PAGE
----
US economy better than expected
Falling exports and consumer spending have hurt US economic growth
The US economy shrank at an annualised rate of 5.5% in the first three months of 2009, better than previously thought, government figures show.
Gross domestic product (GDP) had been previously estimated at a 5.7% decline.
The fall in GDP now seems to be easing, after shrinking at an annualised pace of 6.3% in the previous quarter.
But concern about the fragility of the economy was revived by data showing the number of jobless claims unexpectedly rose last week.
The Labor Department said the number of people filing first-time claims for jobless benefits increased by 15,000 to a seasonally adjusted 627,000. Economists had expected about 600,000 claims.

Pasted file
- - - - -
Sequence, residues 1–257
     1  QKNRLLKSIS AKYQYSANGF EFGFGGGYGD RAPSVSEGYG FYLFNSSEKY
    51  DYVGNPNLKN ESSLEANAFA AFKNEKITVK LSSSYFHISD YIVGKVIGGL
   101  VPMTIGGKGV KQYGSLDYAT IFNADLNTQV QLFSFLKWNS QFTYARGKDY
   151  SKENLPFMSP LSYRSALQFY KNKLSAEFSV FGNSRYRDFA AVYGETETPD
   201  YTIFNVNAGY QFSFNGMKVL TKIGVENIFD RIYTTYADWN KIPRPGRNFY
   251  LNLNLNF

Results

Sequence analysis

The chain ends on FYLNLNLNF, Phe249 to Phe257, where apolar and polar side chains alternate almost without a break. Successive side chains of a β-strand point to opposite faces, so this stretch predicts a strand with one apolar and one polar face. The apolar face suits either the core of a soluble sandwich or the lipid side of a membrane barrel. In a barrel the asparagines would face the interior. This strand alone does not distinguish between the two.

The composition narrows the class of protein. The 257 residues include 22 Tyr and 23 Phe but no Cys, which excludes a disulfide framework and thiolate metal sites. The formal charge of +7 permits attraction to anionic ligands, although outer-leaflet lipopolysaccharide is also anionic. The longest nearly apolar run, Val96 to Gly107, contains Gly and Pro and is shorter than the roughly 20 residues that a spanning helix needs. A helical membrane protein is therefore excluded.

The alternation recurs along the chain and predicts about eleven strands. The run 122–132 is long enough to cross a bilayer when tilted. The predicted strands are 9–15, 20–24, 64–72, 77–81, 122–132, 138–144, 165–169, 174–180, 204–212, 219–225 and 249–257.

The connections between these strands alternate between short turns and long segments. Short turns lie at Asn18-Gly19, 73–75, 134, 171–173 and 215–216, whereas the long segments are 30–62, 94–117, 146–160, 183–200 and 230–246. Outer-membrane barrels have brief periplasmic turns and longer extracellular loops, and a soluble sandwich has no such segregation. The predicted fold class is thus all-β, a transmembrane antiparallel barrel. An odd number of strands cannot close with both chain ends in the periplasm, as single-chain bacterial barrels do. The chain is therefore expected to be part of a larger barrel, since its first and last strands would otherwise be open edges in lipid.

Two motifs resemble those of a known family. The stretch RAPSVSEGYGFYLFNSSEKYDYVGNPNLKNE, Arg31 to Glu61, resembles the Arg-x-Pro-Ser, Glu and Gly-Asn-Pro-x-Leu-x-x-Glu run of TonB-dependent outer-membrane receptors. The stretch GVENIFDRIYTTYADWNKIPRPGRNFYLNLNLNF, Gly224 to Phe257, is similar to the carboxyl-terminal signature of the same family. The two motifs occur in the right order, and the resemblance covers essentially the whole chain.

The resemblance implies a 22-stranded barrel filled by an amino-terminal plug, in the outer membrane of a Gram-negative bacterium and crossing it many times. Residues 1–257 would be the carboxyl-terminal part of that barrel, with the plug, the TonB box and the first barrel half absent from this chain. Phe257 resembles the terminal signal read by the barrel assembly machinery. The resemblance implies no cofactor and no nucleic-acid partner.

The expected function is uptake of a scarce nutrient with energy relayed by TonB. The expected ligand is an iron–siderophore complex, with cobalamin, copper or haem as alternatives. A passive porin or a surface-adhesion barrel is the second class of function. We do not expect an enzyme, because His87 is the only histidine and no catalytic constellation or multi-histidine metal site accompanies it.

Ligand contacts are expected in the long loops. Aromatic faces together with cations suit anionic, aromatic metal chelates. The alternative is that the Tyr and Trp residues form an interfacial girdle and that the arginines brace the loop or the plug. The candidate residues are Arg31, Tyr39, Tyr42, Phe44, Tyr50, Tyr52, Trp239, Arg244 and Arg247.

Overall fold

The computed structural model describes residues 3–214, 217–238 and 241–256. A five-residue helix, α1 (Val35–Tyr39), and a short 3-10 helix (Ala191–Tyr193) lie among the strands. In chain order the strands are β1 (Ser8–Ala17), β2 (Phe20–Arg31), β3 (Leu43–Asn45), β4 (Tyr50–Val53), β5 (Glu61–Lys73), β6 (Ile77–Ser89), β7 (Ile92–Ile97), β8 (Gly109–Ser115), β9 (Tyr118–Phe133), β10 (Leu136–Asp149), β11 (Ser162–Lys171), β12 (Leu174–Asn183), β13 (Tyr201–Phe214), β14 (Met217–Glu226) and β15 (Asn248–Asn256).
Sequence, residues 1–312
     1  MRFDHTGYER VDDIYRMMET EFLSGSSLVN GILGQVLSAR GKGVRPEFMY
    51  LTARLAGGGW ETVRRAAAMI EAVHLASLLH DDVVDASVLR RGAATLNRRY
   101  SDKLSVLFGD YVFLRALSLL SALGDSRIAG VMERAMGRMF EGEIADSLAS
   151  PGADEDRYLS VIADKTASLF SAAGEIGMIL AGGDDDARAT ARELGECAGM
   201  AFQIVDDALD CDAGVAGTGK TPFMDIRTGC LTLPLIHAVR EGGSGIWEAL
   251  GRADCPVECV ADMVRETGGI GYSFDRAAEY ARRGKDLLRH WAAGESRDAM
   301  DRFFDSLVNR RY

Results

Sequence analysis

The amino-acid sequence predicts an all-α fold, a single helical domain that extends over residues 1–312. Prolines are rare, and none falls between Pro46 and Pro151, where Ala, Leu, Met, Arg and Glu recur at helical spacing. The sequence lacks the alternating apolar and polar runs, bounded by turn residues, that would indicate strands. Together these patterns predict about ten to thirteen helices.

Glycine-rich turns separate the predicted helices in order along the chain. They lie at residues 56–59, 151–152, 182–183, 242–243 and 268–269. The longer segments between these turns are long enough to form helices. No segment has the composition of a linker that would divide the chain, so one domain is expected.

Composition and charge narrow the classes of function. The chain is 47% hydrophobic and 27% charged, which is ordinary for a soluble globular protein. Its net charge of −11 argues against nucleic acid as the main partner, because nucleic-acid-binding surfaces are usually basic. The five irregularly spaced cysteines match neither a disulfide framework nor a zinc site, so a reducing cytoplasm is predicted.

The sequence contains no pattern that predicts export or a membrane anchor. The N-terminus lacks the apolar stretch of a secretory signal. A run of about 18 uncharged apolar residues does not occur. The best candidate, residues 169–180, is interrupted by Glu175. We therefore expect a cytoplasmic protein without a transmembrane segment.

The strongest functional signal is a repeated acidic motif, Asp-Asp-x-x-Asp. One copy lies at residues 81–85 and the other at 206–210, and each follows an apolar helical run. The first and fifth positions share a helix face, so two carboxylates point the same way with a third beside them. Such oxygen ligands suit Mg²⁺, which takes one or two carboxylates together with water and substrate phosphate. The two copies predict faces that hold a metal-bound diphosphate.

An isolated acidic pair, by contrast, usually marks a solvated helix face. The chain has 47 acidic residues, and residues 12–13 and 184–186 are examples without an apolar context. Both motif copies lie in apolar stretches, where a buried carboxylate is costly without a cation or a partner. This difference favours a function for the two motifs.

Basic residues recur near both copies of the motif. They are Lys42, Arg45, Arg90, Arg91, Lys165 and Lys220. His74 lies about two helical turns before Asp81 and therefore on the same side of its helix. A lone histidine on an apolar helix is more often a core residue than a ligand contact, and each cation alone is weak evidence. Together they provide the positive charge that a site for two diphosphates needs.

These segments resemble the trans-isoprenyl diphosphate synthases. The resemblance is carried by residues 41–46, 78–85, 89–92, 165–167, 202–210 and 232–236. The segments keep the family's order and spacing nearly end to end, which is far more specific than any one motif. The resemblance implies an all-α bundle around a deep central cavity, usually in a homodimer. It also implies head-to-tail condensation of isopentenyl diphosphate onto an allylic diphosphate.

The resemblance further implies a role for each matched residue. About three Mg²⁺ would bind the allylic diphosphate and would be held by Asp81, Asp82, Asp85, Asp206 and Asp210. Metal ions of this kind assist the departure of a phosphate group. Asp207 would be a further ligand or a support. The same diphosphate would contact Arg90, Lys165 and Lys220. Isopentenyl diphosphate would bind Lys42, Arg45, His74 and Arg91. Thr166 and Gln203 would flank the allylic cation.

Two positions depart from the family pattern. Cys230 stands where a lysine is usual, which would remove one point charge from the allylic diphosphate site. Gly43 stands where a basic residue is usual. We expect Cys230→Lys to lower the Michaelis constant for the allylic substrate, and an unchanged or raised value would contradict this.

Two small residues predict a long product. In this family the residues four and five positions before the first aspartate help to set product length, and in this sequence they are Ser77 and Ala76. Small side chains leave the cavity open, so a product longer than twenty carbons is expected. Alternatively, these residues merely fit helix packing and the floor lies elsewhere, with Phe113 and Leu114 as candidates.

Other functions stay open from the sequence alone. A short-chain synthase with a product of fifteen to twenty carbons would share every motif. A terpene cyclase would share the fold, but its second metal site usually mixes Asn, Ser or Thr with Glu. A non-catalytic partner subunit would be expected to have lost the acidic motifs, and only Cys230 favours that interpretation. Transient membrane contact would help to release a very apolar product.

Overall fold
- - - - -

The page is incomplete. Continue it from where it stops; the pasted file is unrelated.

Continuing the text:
They had also predicted that the Commerce Department's final estimate of US GDP would remain unchanged.
The slight moderation in the pace of the recession in the first three months of the year offered some hope that the current quarter, which ends on 30 June, will be even less sharp.
"The recession continues, but the rate of contraction in the second quarter should be much slower," said Augustine Faucher, director of macroeconomics at Moody's Economy.com.
Consumer spending, which accounts for about two-thirds of domestic economic activity, rose 1.4% last quarter, the department also said.
It had fallen 4.3% in the final quarter of 2008, the biggest decline in 28 years.
The Federal Reserve, the US central bank, said this week that the latest economic data "suggests that the pace of economic contraction is slowing".